In the following paragraphs, we explain and show in detail, how to achieve these goals.
1.1 Basic concepts
To understand modern API technologies, we explain in this section some fundamental basic concepts used by the APIs. In the beginning of distributed systems, a programmer has to understand the basic idea of the well-known principle of procedure calls and the idea of server and client to implement a “Remote Procedure Call” over a network.
With the idea of the “Web” the “Hypertext Transfer Protocol” (HTTP) and the web links as “Uniform Resource Locator”6 (URL) rise up. The HTTP protocol defines the basic transport layer for modern APIs. It is a text-based protocol, which could be easily read and understood by humans. Besides the basic control of the communication session, it allows client and server to exchange meta-information in the header and the payload in the body within a request / response cycle. The HTTP communication can be secured by encapsulating a communication session with a “Transport Layer Security” (TLS) mechanism. Nowadays HTTPS is a must to ensure that external and even internal users can’t intercept your communication.
In general, an URL is simply a universal form of an address on the Internet. In the context of modern APIs, a URL could address entry points and functions of a server or address a (multimedia) resource. An URL could also contain basic parameters used by functions/methods defined in the API. WS-SOAP, Event-Bus and GraphQL are examples for using the URL only for the address of the entry point. WS-REST and Weblinks use the full power of URLs and the HTTP(S) protocol to define the API functionality.
1.1.3 Data representation format
Besides the communication protocol and addressing the data representation format of the payload in the body is a core aspect of an API. Basically, you can use HTML forms for structured data, plain text or (Base64) encoded data (Binary Large Object, Blob). In practice there are several data representation formats in use for deeply structured data:
XML (Extensible Markup Language7), a strongly typed language to represent structured data using tags and attributes, e.g. <message lang=”de”>Hello</message>.
YAML (YAML Ain’t Markup Language9, a lightweight object notation using indented lines and properties, e.g.
While XML is principally used by the WS-SOAP approach, uses WS-REST and GraphQL primarily the more lightweight approaches JSON and YAML.
1.1.4 Predefined methods
The old-fashioned RPC approach provides procedures and functions in a very generic way, e.g. a function just adding to numbers. In contrast, business services handle more complex business objects. In contrast, the origin of the “Web” handles resources (data items, multimedia objects, business objects, …) in a uniform way. Therefore, the HTTP protocol predefines methods on these resources, which should be primarily used to define an API:
PUT, PATCH (update)
With these concepts in mind let us explore the different types of APIs in the next section.
1.2 API types
As shown in figure 1 Microservices and Self-contained Systems are communicating over various kinds of APIs. In the following subsections, we give an overview of the most important API types.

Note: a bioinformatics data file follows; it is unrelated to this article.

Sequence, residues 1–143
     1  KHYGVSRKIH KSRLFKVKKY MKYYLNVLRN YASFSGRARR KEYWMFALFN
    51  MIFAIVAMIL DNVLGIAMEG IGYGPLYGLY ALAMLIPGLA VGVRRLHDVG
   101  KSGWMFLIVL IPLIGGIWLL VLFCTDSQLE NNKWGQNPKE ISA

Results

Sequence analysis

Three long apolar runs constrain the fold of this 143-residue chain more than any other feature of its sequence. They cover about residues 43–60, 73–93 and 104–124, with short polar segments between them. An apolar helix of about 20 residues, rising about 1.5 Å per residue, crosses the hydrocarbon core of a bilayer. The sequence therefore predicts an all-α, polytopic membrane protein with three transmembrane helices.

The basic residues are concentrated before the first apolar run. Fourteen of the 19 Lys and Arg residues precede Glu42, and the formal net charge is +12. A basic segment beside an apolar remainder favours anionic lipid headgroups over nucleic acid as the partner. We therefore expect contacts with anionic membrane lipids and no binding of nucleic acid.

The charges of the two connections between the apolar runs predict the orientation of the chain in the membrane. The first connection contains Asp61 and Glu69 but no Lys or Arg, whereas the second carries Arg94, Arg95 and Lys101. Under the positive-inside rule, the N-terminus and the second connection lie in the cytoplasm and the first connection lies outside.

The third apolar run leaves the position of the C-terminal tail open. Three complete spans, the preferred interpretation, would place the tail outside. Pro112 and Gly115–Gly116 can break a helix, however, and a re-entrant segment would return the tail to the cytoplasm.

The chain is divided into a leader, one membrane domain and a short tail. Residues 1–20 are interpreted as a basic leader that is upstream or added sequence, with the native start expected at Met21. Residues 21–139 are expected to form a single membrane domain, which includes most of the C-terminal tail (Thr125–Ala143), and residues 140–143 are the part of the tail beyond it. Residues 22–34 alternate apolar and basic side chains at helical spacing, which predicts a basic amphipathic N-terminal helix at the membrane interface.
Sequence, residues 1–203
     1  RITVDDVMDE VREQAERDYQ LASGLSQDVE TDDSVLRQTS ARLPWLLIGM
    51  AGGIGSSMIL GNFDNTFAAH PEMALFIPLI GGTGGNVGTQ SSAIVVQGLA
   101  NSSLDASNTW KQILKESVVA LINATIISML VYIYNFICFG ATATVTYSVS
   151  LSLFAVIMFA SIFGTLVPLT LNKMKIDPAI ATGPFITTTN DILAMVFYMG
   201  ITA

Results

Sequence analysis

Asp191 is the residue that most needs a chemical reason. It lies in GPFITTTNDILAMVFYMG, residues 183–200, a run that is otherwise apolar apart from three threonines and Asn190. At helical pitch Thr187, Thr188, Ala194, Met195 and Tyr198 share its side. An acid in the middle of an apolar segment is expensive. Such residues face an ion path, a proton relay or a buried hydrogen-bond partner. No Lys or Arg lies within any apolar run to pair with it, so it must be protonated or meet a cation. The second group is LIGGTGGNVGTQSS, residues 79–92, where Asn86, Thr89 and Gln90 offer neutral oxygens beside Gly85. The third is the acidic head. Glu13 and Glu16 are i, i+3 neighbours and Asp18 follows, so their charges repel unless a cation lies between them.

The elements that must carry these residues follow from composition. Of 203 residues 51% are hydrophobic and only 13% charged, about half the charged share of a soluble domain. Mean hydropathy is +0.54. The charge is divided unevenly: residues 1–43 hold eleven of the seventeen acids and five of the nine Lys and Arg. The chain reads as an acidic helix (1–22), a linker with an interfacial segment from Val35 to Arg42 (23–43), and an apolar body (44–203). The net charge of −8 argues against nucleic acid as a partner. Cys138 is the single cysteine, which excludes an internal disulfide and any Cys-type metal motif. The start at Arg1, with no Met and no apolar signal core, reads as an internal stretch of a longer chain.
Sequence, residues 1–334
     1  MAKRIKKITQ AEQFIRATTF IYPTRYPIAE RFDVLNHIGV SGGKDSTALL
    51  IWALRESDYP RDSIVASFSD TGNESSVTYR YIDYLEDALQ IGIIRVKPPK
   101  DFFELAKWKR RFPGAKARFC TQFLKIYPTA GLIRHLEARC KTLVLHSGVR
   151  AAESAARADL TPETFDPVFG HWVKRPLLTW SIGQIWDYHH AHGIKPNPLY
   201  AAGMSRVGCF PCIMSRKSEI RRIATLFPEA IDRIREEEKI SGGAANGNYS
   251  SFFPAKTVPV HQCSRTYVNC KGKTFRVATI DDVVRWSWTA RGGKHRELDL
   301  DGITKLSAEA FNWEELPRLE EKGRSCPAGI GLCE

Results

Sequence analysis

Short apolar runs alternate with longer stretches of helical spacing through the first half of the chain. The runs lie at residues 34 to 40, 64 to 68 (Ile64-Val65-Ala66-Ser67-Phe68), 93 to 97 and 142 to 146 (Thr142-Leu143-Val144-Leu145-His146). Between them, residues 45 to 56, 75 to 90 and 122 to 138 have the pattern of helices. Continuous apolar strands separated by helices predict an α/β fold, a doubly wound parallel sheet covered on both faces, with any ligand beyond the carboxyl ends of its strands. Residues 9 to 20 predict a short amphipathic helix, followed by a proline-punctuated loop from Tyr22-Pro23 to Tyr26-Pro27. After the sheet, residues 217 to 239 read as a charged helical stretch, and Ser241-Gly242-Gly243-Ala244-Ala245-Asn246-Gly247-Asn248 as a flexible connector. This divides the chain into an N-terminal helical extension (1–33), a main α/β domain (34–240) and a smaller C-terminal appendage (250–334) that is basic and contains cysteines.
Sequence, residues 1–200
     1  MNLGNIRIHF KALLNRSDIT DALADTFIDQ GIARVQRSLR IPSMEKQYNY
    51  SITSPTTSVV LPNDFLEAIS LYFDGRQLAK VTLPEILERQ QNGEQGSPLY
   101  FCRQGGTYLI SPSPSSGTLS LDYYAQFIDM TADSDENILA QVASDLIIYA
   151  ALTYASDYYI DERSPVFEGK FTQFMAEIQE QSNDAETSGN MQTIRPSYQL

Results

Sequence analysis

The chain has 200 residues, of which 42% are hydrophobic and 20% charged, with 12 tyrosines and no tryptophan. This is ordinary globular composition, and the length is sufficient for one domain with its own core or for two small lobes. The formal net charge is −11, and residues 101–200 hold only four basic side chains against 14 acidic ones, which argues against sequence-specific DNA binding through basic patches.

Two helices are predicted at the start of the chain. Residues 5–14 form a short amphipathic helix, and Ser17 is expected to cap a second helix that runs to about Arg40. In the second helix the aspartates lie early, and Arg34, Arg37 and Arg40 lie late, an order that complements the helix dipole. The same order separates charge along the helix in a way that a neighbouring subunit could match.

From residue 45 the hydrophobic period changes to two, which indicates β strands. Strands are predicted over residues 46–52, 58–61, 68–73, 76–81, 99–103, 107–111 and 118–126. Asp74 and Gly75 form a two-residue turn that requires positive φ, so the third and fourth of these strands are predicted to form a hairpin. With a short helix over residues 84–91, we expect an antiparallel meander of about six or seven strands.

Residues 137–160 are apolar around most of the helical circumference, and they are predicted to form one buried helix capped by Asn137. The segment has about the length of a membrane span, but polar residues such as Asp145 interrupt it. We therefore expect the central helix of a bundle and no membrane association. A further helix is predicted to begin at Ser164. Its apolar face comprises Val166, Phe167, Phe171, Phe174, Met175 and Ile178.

The “Simple Object Access Protocol” (SOAP or WS-SOAP) is a standardized protocol10 for remote procedure calls (RPC). RPCs trigger an operation between two systems using the HTTP(S) protocol and the XML data representation. HTTP(S) serves as the underlying transport protocol to access the entry point of a SOAP-service. The message which actually implements the RPC is contained in standardized XML data.
SOAP is still widely used, mainly because it serves the framework-specific interoperability requirements of existing applications that follow the "Service-oriented Architecture" (SOA) approach. It is also perceived as beneficial thanks to the huge SOAP-ecosystem of technical components and implementation guidelines. These include, for example, security services and mandatory technology policies that projects should consider.
A major challenge of SOAP is that APIs should use an agnostic schema definition language. This is the best starting point to create truly interoperable interface code 11 independent from the framework requirements of the system to which the API is attached. As mentioned earlier, the reality is, however, almost the exact opposite. API schemas will often be generated from the implementation code of a system, e.g. a Java class definition in an implementation (or framework) specific way.
XML and SOAP are still very present today, implemented in various existing or legacy interfaces and implementations. But they are also heavyweight technologies that are increasingly replaced by applications employing a RESTful or micro service approach. This API guide focusses on more modern approaches and, therefore, does not explore SOAP in more detail.
1.3 Coming next
In the next instalment of this series, we are completing this overview of API technologies before starting going deeper into the detail. We will introduce you to a few mainstreams ways of “doing API’s”: RESTful interfaces first, and the more modern GraphQL later. The overview completes by covering the basic principles of API security design, and how to document them and their behaviour.
- 1. A. Avram, F. Marinescu: Domain Driven Design Quickly, see https://www.infoq.com/minibooks/domain-driven-design-quickly/
- 2. M. Fowler: Microservices - a definition of this new architectural term https://www.martinfowler.com/articles/microservices.html
- 3. Self-Contained Systems - Assembling software from independent systems, see https://scs-architecture.org/index.html
- 4. Web Services Description Language (WSDL) Version 2.0 Part 1: Core Language, see https://www.w3.org/TR/wsdl20/
- 5. API University: Understanding API First Design, see https://www.programmableweb.com/api-university/understanding-api-first-design
- 6. Berners-Lee, Tim (21 March 1994). "Uniform Resource Locators (URL): A syntax for the Expression of Access Information on Objects on the Network", see http://www.w3.org/Addressing/URL/url-spec.txt
- 7. Extensible Markup Language (XML) 1.0, see https://www.w3.org/TR/REC-xml/
- 8. Introducing JSON, see https://www.json.org/json-en.html
- 9. YAML Ain't Markup Language YAML™) Version 1.2, see https://yaml.org/
- 10. SOAP Version 1.2, see https://www.w3.org/TR/soap/
- 11. The mapping of a SOAP specification to a concrete language and framework is not in all cases bijective and simple.